10 July 2018

oh, uh, oops! it turns out i’m not going to paris . . . i’m going to oslo instead. and berlin! i have a long-ass layover in berlin so i’m definitely leaving the airport and going into the city lol

well! cool!!!!!!!!!!!!

09 July 2018

Well: I’m going to Vienna next October to scratter my grandmother’s ashes in her home country. It is, I guess, a final ritual to be performed by my little sister and I. I am flying into Paris and going to Vienna from there, and then we’ll spend two or three days in the city, rent a car and head towards the country to return our grandmother to the place where she was born . . . then go back to Vienna and spend a few more days there. On the way back to California I have a long-ass layover in Stockholm. Well, there you go.

I have not been back to Vienna since I was 15 years old. My grandmother and my cousins and my aunt and uncle and I flew all the way there to spend Christmas. Initially I did not want to go because I was In Love With A Girl at the time, and the thought of being away from her for the entirety of my winter break hurt me deeply! This girl, who didn’t love me—she had given me a letter before I left to be opened once I got on the plane. It said something to the effect of: Baby, relax. I’ll be here when you get back. Go with your family, you fool, and see the home of your ancient fathers. So I went, and it was very good. I only missed her a few times. I was so cold most of the time, having only brought a hoodie and a leather jacket, that I couldn’t really think about anything else outside of finding a warm place to die. I was 15, god for’s sake, and so such thoughts were commonplace to me at the time. (What’s my excuse now? I wonder.)

Anyway: Austria is a beautiful place. We went all over the place: from Vienna to Salzburg to Innsbruck. I met my extended Austrian family, who were kinda weird, and saw Mozart’s birth house, and the little chapel where ‘Silent Night’ was written, and on and on. I could tell it meant a lot to my grandmother that I got to see her home. She knew everything about it, and would hold my arm and point to things and explain the history of it all while my teeth clattered and my breath froze midair. Somewhere in my closet is a box of mini-DV tapes, which I have hauled around with me all over this godforsaken country for the last 15 years of my life, and two of these little tapes have three or four unbroken, shaky, probably insufferable hours from that trip. I have never watched them. For years I told my grandmother I would splice it up and make a 20-minute thing for The Whole Family. I never did this because of the insane amount of hard drive space it would take . . . and also because I was missing a cord for my old-ass camera, or whatever. At any rate there were a lot of excuses. I regret that I was never able to do this for her, but maybe it’s for the best.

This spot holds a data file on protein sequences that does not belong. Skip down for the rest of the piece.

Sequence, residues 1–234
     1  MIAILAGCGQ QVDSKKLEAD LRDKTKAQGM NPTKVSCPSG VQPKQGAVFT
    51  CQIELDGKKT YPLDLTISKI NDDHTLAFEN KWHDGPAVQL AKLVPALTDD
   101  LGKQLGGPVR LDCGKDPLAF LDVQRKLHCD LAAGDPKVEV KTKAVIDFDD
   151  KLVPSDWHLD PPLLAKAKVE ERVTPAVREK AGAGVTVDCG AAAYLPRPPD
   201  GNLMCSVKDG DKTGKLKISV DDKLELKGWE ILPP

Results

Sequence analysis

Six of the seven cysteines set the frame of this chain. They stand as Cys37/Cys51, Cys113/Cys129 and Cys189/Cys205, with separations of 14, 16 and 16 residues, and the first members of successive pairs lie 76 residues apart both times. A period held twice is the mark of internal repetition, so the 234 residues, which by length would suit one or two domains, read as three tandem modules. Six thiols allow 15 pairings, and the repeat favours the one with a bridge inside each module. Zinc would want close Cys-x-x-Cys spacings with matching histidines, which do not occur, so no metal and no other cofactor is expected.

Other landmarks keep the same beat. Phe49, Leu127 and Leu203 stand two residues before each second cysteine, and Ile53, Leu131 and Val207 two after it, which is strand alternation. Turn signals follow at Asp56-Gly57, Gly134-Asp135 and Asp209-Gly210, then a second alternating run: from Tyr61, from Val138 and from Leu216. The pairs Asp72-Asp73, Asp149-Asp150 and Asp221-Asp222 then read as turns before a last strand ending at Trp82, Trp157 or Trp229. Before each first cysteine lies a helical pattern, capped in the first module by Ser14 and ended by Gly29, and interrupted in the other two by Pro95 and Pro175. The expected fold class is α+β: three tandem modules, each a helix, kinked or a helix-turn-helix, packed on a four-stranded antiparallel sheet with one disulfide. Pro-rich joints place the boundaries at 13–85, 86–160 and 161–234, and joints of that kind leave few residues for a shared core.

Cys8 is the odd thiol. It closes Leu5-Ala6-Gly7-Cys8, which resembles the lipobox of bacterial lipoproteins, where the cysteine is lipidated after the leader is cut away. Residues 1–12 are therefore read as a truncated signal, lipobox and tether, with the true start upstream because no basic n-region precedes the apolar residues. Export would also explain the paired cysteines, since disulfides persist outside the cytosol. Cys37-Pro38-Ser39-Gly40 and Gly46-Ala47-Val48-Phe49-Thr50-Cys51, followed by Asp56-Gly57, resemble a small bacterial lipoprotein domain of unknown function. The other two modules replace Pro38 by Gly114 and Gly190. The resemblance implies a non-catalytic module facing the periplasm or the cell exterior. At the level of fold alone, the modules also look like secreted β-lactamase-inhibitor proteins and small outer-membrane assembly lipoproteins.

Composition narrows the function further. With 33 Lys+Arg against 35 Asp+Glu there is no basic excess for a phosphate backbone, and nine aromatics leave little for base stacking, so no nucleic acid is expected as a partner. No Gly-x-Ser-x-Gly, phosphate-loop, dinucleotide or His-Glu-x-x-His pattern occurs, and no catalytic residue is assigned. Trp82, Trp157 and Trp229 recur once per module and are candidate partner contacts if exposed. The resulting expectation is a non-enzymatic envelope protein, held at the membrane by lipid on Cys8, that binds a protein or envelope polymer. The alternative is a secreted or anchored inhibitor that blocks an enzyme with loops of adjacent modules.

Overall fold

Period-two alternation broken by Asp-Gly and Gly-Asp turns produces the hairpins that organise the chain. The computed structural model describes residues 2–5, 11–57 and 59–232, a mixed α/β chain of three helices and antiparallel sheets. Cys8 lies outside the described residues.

She would say to me every Christmas: “Wasn’t that the best Christmas you ever had? It’s my favorite Christmas memory. I think about it from time to time.” To which I would say, sincerely, that it was my favorite one too. Yes, and now that she is gone, I suppose it will stay that way forever.

Auf wiedersehen, Omie. You’ll be back in good ol Austria here soon . . . ninety-two years after you were born there. You just took the long way home, that’s all. Hey, that’s no so bad.

07 July 2018

Remember what the fellow said: In Italy, for thirty years under the Borgias, they had warfare, terror, murder and bloodshed . . . but they produced Michelangelo, Leonardo da Vinci and the Renaissance. In Switzerland, they had brotherly love. They had five hundred years of democracy and peace—and what did that produce? The cuckoo clock.

03 July 2018

How do I know that enjoying life is not a delusion? How do I know that in hating death we are not like people who got lost in early childhood and do not know the way home? Lady Li was the child of a border guard in Ai. When first captured by the state of Jin, she wept so much her clothes were soaked. But after she entered the palace, shared the king’s bed, and dined on the finest meats, she regretted her tears. How do I know that the dead do not regret their previous longing for life? One who dreams of drinking wine may in the morning weep; one who dreams weeping may in the morning go out to hunt. During our dreams we do not know we are dreaming. We may even dream of interpreting a dream. Only on waking do we know it was a dream. Only after the great awakening will we realize that this is the great dream. And yet fools think they are awake, presuming to know that they are rulers or herdsmen. How dense! You and Confucius are both dreaming, and I who say you are a dream am also a dream. Such is my tale. It will probably be called preposterous, but after ten thousand generations there may be a great sage who will be able to explain it, a trivial interval equivalent to the passage from morning to night.

from ‘the book of chuang tzu’ which i’ve had on my nightstand for like two years